You can make this dough the same day or a couple of weeks ahead. Put the individual balls in plastic bags and refrigerate overnight or freeze for up to a month. Makes a delicious and simple pizza dough... easy to work with, great for kids! Can also be used for focaccia. Source: Fine Cooking #49.
- To make the dough: Dissolve the yeast in the warm water and set aside (a Pyrex 2-cup measure makes for easy pouring; be sure the cup isnt cold).
- Put the flour and salt in a food processor fitted with the steel blade; process briefly to mix.
- With the machine running, add the water-yeast mixture in a steady stream.
- Turn the processor off and add the oil.
- Pulse a few times to mix in the oil.
- Divide the dough: Scrape the soft dough out of the processor and onto a lightly floured surface.
- With lightly floured hands, quickly knead the dough into a mass, incorporating any bits of flour or dough from the processor bowl that werent mixed in.
- Cut the dough into four equal pieces with a knife or a dough scraper.
- Roll each piece into a tight, smooth ball, kneading to push the air out.
- To use dough that same day: If you want to make pizza as soon as possible, put the dough balls on a lightly floured surface, cover them with a clean dishtowel, and let them rise until they almost double in size, about 45 minutes.
- Meanwhile, turn your oven on, preferably with a baking stone in it, to let the stone fully heat.
- Pizza the next day: If you want to bake the pizzas the next day, line a baking sheet with a floured dishtowel, put the dough balls on it, and cover them with plastic wrap, giving them room to expand (theyll almost double in size), and let them rise in the refrigerator overnight.
- To use dough that has been refrigerated overnight, simply pull it out of the refrigerator about 15 minutes before shaping the dough into a pizza.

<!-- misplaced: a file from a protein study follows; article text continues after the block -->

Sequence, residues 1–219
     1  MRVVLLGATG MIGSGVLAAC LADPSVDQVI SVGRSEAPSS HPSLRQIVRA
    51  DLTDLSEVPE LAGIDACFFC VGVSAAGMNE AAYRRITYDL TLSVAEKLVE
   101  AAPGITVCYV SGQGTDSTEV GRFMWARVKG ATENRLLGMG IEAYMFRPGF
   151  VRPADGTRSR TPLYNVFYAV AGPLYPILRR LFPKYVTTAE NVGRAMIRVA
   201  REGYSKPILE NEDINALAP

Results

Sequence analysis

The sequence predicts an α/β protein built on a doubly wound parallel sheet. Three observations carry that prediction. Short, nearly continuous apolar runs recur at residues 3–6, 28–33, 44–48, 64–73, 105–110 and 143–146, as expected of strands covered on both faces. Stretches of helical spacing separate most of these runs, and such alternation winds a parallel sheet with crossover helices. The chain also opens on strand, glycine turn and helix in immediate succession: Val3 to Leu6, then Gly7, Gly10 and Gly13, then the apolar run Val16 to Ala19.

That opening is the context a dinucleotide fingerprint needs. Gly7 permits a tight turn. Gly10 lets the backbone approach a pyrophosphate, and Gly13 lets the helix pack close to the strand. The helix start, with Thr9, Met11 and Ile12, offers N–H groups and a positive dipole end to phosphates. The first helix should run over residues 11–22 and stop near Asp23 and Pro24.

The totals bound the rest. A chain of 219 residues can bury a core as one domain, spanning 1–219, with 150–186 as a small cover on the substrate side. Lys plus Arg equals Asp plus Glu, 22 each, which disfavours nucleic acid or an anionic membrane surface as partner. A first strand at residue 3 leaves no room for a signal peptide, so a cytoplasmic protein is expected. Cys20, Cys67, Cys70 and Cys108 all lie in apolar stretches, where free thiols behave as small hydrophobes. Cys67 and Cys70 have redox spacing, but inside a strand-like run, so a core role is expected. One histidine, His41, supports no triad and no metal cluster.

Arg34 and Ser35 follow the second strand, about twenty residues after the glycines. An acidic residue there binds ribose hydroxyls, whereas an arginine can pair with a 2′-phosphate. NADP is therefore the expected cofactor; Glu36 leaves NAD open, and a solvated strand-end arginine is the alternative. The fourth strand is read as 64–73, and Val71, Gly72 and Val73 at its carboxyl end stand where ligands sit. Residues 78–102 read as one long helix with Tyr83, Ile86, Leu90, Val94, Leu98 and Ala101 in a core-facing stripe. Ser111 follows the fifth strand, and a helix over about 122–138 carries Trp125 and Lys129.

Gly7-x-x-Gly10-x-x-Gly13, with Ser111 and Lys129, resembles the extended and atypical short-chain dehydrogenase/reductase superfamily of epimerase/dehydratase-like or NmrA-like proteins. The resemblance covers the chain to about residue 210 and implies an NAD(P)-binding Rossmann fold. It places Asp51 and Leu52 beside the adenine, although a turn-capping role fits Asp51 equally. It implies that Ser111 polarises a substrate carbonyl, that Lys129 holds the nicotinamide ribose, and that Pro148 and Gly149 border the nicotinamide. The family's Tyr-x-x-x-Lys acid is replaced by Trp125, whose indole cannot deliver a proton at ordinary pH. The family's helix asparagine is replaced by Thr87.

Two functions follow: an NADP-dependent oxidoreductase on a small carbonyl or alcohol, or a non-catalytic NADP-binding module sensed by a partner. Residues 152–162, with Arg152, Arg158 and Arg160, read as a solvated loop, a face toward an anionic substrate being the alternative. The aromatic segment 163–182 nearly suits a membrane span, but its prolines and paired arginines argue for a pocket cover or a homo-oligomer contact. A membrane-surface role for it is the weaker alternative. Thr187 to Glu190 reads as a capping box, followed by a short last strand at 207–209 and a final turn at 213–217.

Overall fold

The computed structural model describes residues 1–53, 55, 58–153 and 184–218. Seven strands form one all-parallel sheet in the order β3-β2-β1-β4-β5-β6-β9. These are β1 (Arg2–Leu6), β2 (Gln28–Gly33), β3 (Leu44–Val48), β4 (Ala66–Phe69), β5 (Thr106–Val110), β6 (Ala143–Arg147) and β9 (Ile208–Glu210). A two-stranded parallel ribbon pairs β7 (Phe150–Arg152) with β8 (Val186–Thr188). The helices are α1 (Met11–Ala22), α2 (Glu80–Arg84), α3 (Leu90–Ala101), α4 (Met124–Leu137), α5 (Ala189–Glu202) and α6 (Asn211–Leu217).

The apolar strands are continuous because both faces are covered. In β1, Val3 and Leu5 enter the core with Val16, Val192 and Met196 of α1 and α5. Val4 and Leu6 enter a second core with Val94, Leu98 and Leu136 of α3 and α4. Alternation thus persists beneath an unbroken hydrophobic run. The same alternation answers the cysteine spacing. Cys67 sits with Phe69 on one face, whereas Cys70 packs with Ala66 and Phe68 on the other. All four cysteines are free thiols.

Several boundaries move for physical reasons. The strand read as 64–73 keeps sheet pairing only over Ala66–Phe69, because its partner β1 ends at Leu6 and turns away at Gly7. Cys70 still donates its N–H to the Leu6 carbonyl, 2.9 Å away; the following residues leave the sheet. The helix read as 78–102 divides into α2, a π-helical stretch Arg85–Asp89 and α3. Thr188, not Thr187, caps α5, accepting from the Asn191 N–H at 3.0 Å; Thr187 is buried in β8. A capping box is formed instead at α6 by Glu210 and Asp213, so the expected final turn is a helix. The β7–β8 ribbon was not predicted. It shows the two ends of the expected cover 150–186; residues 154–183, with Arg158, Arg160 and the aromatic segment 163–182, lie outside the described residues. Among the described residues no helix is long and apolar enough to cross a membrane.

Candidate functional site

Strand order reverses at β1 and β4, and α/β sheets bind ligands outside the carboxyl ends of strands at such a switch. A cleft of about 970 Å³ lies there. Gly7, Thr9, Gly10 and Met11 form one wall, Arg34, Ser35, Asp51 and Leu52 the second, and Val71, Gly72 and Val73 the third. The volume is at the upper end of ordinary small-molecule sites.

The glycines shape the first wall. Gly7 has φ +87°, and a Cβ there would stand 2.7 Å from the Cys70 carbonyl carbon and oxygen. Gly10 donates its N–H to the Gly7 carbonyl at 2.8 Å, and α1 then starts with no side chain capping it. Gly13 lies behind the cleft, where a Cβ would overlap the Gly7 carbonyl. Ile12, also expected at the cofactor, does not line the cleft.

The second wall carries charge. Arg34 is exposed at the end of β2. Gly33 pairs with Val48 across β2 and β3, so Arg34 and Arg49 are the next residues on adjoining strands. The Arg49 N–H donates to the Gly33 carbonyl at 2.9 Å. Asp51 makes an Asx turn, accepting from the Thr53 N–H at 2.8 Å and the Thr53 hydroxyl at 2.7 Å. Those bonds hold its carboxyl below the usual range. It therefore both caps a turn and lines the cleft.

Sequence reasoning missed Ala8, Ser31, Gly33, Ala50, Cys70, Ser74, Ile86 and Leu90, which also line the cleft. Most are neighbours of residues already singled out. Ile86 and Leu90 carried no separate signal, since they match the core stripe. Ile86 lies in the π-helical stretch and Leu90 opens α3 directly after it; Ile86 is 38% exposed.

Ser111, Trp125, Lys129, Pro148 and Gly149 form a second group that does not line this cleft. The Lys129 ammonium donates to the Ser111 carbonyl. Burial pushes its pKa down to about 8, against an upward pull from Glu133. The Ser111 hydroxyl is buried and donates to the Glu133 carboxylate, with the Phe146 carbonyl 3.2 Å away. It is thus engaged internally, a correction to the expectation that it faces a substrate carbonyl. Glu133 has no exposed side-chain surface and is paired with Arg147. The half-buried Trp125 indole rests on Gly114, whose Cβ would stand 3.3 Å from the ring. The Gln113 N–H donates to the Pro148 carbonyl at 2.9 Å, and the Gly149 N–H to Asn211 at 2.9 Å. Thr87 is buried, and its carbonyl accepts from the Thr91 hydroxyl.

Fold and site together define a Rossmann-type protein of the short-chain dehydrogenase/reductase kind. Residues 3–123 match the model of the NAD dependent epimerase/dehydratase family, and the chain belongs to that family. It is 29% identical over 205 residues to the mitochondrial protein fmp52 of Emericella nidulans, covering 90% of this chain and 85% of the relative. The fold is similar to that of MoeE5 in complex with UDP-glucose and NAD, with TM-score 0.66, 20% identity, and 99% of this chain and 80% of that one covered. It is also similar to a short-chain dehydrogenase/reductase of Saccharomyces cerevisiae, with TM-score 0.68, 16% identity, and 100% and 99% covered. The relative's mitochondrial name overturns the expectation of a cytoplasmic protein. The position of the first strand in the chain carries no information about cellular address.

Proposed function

- To shape, top, and bake the pizzas, see below.
- To freeze dough: Dust each generously with flour as soon as youve made it, and put each one in a separate zip-top bag.
- Freeze for up to a month.
- Its best to thaw the dough in the refrigerator for at least 10-12 hours before you want to use it-- but in a pinch it'll defrost on the counter in about 1 1/2 hours.
- To shape pizzas: Put the proofed or thawed ball of dough on a lightly floured surface.
- Dust the top with flour.
- Using your fingertips, press the ball down into a flat rounds about 1/2 inch thick.
- Lift the dough and lay it over the back of the fist of one hand.
- Put your other fist under the dough, right next to your first fist.
- Now gently stretch the dough by moving your fists away from each other.
- Each time you do this stretch, rotate the dough.
- Continue stretching and rotating until the dough is thin, about 1/4 inch, and measures about 9 inches across.
- Alternatively, use a rolling pin to roll out the dough thinly on a floured surface.
- Rub a bit of flour onto a pizza peel (or the back of a baking sheet).
- Gently lift the stretched dough onto the floured peel.
- Top the pizza, scattering the ingredients around to within ½ inch of the border.
- To bake: Put a pizza stone or unglazed quarry tiles on the lowest rack of the oven and heat the oven to 500°F.
- Ideally, let the stone preheat in the oven for an hour.
- You should place your pizza on the peel before topping it so that it's ready to slide onto your stone.
- Shake the peel (or baking sheet) gently back and forth to make sure the pizza isnt stuck.
- Quickly slide the pizza onto the hot baking stone.
- Bake until the edges are golden, about 8 min.
- Using a peel, a wide spatula, or tongs, remove the pizza from the oven.
This was nice and chewy, but a little too much on the bready side. I tried to make stuffed crust pizza with this, and the cheese just melted into the dough. It was nice and chewy, though, and my husband loved it. Thanks for posting!
So easy! Made twice. Should always do that instead of buying the nasty store stuff.
I didn't have time to let it rise, so I preheated stones and rolled it out and let the dough sit for 10-15 minutes and it turned out great. I think the pre-heating the stones was a great tip.
Next time, I'll add some seasonings to the dough - maybe some basil or some parmesan.
Fine dough! Blistered up just the way we like it - chewy with bubbles. Perfect foil for end of the garden pies. Kepper recipe! Thanks, Tracy K!